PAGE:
Stealing or just bagging a souvenir?

By | Category: Travel destinations

The detaining of two French tourists in the Italian island of Sardinia for stealing sand from the beach at Chia should be a warning to all of us.

All beaches in Sardina have rules about not taking sand from beaches

The two face te possibility of serving between one and six years in prison for their actions. Why so severe a penalty for what some would say s just taking home a souvenir?

Firstly the two weren’t just taking a few grains but 40 kgs of the stuff. That must mean that it was planned. Were they just planning a sand feature in their garden or were they going, as has been suggested by some media outlets, to sell it on the internet?

Secondly, there seems to be a tradition of removing sand – albeit in smaller quantities – so the local authority passed measures in 2017 banning the removal of sand from any of Sardinia’s beaches. People have been fined for taking smaller quantities but 40kgs surely merits a harsher penalty.

The couple say they were taking it as a souvenir and didn’t know it was an offence to remove it. That argument is unlikely to cut much ice when they get to court.

It isn’t just in Sardinia that the removal of a natural feature is banned. Pebbles on some beaches in Wales also attract fines as does removing bush stones in Australia.

In other places there are local enterprises that bottle coloured sands and sell them on as souvenirs but the extraction s monitored and the quantities are small. Swiping 40 kgs of the twenty-one coloured sands from Alum Bay on the Isle of Wight would be the equivalent of probably a couple of hundred souvenir bottles and be worth a reasonable sum of money. There too, it is banned for people to just collect sand from the beach.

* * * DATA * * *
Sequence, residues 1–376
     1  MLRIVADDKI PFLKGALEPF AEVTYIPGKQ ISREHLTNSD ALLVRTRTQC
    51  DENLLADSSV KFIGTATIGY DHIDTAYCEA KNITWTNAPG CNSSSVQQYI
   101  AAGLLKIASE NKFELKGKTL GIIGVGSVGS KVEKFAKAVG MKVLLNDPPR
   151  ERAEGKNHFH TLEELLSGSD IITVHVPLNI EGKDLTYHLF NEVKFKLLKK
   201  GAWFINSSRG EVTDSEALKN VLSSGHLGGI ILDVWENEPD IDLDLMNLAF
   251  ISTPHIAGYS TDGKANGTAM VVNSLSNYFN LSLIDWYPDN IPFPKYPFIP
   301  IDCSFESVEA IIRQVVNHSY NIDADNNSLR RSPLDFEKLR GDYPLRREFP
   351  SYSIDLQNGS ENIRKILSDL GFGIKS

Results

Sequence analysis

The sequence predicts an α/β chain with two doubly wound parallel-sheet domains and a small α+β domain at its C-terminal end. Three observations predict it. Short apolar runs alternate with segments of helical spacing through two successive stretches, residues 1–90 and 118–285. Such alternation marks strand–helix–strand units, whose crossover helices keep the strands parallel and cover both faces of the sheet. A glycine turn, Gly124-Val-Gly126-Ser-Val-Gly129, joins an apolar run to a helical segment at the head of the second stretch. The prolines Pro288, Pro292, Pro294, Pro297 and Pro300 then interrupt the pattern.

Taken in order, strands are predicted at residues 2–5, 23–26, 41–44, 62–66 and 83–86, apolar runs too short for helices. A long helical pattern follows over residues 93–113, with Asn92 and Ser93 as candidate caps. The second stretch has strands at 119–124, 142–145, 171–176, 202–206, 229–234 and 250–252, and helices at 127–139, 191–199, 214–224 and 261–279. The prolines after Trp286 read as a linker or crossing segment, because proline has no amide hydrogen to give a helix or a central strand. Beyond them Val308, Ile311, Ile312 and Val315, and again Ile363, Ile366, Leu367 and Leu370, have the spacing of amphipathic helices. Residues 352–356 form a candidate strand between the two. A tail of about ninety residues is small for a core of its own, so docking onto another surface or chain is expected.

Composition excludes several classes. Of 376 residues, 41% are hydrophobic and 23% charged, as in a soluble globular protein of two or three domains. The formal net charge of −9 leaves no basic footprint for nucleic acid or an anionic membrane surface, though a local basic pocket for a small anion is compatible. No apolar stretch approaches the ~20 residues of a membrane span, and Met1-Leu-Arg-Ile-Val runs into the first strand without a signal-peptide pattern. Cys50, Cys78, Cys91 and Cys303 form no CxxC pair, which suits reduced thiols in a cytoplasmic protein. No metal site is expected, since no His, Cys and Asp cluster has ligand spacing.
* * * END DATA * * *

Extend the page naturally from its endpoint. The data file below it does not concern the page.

For the last seventy years in the UK it has been illegal to remove sand, or any natural features from beaches meaning that the problem has been recognised for some time.

France has similar legislation so the couple should have known there was a chance that it would be illegal in Sardinia as well.

You could argue that removing small amounts does not harm to the environment. Larger amounts as did the couple in Sardinia would. But where to draw the line?

Destinations wish to protect local sources of commercial activity and to preserve what they have. Often that is one of few attractions to visitors so without it, people might stay away. It would be difficult to say that visitors could take no more than a few grams or any small amount and monitor that. So authorities ban the removal.

Be warned, readers, leave what’s at the beach and on  the ground where it is so that future generations of visitors can enjoy it. Stick to collecting tacky fridge magnets instead!

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